Voting is a right all U.S. citizens share. However, different states may vary on how their citizens can exercise those rights, especially if they have a criminal record.
Some states require ex-convicts to wait until the end of their parole or probationary period. Others may withhold a felon’s voting freedoms based on the severity of their conviction. In other cases, states may grant former criminals voting rights automatically upon release.
How the rules apply in Illinois
Illinois is one of several states that allow offenders to vote immediately after release from prison, but their ability to cast a ballot may vary depending on their registration qualifications.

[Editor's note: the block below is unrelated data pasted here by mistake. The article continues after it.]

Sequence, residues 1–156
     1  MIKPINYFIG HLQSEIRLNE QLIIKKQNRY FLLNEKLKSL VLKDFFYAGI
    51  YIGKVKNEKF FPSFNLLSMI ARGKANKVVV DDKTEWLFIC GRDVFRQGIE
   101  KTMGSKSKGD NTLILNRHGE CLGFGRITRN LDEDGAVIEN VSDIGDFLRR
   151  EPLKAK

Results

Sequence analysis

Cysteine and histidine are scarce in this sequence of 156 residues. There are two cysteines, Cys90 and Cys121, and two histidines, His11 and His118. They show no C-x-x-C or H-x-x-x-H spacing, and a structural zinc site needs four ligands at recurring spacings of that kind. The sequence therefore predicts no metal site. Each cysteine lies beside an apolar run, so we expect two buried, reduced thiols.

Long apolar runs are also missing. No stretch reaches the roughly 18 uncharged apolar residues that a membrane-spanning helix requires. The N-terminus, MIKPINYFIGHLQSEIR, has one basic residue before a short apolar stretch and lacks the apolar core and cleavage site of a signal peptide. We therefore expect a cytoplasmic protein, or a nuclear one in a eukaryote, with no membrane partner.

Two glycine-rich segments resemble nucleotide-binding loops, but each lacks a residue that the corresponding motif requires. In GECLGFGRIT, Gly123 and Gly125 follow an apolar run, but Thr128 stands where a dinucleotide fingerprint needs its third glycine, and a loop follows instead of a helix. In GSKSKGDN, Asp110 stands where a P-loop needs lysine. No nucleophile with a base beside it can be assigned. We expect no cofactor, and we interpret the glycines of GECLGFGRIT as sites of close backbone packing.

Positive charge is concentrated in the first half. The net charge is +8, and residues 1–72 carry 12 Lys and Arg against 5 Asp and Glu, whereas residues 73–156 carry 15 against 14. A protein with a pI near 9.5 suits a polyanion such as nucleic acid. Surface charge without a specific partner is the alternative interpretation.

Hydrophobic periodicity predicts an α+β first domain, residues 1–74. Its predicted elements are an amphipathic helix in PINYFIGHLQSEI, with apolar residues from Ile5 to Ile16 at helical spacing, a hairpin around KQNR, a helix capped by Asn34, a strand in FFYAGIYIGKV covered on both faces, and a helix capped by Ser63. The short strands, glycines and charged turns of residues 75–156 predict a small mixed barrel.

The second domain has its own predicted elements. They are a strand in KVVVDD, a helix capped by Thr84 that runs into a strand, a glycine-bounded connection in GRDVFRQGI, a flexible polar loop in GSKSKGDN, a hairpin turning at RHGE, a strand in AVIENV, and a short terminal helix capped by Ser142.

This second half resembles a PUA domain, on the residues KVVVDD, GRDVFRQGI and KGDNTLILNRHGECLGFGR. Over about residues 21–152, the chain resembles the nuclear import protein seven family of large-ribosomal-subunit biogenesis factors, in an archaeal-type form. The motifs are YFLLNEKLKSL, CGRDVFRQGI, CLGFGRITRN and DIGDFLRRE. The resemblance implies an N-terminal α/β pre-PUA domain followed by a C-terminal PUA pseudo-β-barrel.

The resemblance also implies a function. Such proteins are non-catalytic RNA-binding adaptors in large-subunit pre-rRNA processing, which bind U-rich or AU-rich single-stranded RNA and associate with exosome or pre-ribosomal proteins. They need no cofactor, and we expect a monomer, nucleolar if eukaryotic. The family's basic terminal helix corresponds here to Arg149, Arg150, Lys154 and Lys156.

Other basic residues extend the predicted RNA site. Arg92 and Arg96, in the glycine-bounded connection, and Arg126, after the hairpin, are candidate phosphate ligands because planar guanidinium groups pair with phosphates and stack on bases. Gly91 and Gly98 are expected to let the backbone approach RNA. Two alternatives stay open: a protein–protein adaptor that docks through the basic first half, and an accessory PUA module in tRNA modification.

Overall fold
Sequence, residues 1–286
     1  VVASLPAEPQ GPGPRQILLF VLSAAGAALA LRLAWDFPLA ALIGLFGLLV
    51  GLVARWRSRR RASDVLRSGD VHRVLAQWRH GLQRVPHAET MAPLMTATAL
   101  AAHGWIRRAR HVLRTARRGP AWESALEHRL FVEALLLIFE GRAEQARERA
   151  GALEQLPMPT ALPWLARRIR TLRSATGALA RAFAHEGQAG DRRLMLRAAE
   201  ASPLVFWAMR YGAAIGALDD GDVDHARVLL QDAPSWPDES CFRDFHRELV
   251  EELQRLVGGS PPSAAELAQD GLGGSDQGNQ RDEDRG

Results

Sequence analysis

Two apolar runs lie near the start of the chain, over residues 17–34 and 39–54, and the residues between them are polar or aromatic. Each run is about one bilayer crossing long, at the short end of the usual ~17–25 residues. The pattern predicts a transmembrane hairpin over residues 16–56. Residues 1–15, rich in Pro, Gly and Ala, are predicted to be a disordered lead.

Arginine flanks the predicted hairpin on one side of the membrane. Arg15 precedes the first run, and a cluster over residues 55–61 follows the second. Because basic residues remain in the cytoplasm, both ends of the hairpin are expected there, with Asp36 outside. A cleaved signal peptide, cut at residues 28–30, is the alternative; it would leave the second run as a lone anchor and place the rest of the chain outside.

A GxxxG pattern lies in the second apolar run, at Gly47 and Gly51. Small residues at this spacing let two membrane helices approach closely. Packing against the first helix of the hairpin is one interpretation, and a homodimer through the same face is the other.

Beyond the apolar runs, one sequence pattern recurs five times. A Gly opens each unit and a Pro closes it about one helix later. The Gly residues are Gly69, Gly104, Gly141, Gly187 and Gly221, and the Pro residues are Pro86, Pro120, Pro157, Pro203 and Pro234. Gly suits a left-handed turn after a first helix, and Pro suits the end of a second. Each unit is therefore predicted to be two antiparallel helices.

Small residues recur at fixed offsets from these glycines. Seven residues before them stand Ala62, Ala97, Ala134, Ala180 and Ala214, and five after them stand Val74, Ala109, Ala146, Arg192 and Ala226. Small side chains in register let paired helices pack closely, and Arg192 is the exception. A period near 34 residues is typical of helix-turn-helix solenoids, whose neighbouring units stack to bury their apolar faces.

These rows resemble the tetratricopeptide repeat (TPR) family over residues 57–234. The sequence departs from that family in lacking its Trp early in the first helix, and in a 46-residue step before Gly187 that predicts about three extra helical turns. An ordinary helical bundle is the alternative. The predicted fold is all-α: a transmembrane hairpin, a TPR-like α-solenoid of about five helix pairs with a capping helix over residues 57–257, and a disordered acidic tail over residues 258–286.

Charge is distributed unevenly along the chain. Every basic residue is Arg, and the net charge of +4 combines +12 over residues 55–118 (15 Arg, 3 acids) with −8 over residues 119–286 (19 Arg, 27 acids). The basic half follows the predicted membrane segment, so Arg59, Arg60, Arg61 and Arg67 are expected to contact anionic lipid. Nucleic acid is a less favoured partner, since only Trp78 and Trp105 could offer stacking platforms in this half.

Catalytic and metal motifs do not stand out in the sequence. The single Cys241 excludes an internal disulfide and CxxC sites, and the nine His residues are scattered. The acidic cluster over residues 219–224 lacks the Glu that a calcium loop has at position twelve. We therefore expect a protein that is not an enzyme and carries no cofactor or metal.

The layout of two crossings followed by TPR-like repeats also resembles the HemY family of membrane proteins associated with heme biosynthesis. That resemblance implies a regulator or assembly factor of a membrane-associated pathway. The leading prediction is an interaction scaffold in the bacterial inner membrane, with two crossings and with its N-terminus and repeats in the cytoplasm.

Voter registration requirements
These are the qualifications ex-convicts must meet if they wish to vote:
- They must be a U.S. citizen.
- They must be at least 18 years of age on the day of the election.
- They must be living in the precinct where they will cast a ballot for at least one month before the election.
- They cannot return to prison or jail before the election.
- They cannot claim voter’s rights in another state.
Voting is a constitutional right…
As the 2020 elections are fast approaching, voters across the country are making sure they are registered to hit the polls. For those who were recently released from prison and have concerns regarding their ability to vote, an experienced Illinois criminal defense attorney can answer any questions they may have.
Make sure you use it!
Everyone knows that voting at the national level is important, but your vote can make an even bigger impact at the state level and in your local district. It is the privilege and duty of every voting-able person to get to the polls as often as they can. It is how you voice your opinion and take an active role in democracy.